A systematic review and meta-analysis of the effects of antibiotic consumption on antibiotic resistance
1 Division of Primary Care, University of Nottingham, University Park, Nottingham NG7 2RD, UK
2 NIVEL (Netherlands Institute for Health Services Research), PO Box 1568, 3500 BN Utrecht, the Netherlands
3 Department of General Practice and Elderly Care Medicine/EMGO Institute for Health and Care Research, VU University Medical Centre, Amsterdam, the Netherlands
4 Caphri University of Maastricht/Maastricht, University Hospital, Medical Microbiology, P.Debyelaan 25, 6229 HX Maastricht, the Netherlands
5 University of Antwerpen, Universitair Ziekenhuis Antwerpen, Laboratory of Medical Microbiology, Wilrijkstraat 10, B-2650 Edegem, Belgium
BMC Infectious Diseases 2014, 14:13 doi:10.1186/1471-2334-14-13Published: 9 January 2014
Greater use of antibiotics during the past 50 years has exerted selective pressure on susceptible bacteria and may have favoured the survival of resistant strains. Existing information on antibiotic resistance patterns from pathogens circulating among community-based patients is substantially less than from hospitalized patients on whom guidelines are often based. We therefore chose to assess the relationship between the antibiotic resistance pattern of bacteria circulating in the community and the consumption of antibiotics in the community.
Both gray literature and published scientific literature in English and other European languages was examined. Multiple regression analysis was used to analyse whether studies found a positive relationship between antibiotic consumption and resistance. A subsequent meta-analysis and meta-regression was conducted for studies for which a common effect size measure (odds ratio) could be calculated.
Electronic searches identified 974 studies but only 243 studies were considered eligible for inclusion by the two independent reviewers who extracted the data. A binomial test revealed a positive relationship between antibiotic consumption and resistance (p < .001) but multiple regression modelling did not produce any significant predictors of study outcome. The meta-analysis generated a significant pooled odds ratio of 2.3 (95% confidence interval 2.2 to 2.5) with a meta-regression producing several significant predictors (F(10,77) = 5.82, p < .01). Countries in southern Europe produced a stronger link between consumption and resistance than other regions.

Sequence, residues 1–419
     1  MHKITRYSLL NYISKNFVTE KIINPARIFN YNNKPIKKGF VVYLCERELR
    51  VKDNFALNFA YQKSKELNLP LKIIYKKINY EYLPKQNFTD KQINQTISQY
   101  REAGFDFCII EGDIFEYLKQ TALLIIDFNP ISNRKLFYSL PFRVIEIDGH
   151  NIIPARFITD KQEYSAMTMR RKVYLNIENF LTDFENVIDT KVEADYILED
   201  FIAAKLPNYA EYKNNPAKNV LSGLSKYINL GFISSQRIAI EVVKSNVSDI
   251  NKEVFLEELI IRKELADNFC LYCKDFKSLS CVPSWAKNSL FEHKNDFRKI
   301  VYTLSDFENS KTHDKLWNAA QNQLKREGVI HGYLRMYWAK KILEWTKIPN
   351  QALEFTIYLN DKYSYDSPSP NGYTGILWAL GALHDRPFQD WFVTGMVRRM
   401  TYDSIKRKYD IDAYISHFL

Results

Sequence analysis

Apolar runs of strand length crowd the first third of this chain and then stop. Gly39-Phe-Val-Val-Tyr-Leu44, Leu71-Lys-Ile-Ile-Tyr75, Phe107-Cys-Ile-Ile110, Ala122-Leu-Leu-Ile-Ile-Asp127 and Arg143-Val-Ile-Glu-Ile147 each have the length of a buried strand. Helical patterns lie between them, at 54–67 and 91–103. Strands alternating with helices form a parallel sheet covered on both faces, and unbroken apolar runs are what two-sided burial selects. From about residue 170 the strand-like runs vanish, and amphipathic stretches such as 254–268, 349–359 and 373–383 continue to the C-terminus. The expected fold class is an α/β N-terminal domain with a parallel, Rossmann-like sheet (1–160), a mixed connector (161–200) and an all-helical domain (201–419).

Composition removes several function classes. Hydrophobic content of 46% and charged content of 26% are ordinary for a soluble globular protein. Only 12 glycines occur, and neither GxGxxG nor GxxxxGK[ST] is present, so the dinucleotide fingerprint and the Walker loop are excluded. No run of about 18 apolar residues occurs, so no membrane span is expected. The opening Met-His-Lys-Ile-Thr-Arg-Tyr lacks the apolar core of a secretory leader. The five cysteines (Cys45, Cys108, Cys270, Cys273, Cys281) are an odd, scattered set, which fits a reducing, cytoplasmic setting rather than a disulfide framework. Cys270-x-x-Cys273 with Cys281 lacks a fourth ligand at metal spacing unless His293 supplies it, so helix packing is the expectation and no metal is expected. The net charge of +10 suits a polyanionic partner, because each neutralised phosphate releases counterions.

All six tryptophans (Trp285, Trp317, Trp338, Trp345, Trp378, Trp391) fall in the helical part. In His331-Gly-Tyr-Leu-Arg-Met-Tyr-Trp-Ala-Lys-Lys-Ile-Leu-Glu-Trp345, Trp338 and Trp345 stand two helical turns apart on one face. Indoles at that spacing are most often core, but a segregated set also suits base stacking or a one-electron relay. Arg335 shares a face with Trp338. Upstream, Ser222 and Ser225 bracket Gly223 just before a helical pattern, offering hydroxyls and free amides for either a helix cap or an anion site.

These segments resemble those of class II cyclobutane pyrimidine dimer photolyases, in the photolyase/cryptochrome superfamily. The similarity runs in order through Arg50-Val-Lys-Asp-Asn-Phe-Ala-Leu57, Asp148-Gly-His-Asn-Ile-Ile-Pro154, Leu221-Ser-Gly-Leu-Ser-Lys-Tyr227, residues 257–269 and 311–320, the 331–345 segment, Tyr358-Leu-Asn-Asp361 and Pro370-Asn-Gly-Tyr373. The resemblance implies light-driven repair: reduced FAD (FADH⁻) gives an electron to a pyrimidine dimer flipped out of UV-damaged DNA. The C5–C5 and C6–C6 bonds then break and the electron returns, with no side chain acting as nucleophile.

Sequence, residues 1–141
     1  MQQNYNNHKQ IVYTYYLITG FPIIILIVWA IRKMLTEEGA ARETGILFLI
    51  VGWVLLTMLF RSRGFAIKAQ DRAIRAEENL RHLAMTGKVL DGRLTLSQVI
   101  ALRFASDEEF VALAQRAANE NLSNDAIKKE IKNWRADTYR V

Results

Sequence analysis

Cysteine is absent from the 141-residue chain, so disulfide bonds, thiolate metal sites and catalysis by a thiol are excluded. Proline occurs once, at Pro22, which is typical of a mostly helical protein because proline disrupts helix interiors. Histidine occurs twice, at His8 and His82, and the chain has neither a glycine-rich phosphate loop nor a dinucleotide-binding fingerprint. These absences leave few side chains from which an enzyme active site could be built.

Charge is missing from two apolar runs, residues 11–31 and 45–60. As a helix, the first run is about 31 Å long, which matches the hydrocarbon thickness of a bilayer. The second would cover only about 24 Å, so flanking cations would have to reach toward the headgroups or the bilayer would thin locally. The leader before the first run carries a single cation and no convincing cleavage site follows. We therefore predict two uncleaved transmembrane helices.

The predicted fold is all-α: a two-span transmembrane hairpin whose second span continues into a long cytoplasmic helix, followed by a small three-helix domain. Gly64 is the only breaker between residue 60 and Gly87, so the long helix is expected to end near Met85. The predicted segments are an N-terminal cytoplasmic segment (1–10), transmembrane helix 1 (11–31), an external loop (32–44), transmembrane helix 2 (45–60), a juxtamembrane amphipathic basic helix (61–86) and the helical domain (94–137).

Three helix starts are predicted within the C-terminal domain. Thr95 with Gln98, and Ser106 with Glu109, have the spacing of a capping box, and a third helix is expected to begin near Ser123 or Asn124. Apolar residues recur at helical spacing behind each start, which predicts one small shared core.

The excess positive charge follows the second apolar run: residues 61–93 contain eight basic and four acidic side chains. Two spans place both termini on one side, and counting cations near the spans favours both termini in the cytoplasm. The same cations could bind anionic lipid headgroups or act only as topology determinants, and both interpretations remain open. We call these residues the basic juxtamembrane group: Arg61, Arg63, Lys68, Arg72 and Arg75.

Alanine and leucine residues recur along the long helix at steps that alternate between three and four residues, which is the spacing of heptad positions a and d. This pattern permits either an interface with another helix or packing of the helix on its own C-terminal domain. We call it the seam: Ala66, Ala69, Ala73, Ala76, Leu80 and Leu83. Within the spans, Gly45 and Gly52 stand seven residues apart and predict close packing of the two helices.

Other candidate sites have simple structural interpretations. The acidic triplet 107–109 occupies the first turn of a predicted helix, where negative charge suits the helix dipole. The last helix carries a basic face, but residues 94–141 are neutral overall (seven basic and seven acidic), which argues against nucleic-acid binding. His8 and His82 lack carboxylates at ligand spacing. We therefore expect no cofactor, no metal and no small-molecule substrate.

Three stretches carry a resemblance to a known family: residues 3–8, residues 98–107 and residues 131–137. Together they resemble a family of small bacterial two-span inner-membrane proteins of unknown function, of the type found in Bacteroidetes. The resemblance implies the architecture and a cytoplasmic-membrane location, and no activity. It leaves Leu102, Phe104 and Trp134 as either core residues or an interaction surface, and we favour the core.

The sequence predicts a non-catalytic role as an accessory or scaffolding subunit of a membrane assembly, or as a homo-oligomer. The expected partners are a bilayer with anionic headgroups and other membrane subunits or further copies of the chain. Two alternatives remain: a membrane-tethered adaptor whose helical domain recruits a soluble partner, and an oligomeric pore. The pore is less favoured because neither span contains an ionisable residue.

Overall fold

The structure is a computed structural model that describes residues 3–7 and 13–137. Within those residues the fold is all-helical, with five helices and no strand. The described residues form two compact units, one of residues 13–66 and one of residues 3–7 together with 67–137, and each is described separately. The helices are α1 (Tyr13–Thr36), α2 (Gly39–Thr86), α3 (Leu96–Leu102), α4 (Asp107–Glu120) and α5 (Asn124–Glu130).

Using a large set of studies we found that antibiotic consumption is associated with the development of antibiotic resistance. A subsequent meta-analysis, with a subsample of the studies, generated several significant predictors. Countries in southern Europe produced a stronger link between consumption and resistance than other regions so efforts at reducing antibiotic consumption may need to be strengthened in this area. Increased consumption of antibiotics may not only produce greater resistance at the individual patient level but may also produce greater resistance at the community, country, and regional levels, which can harm individual patients.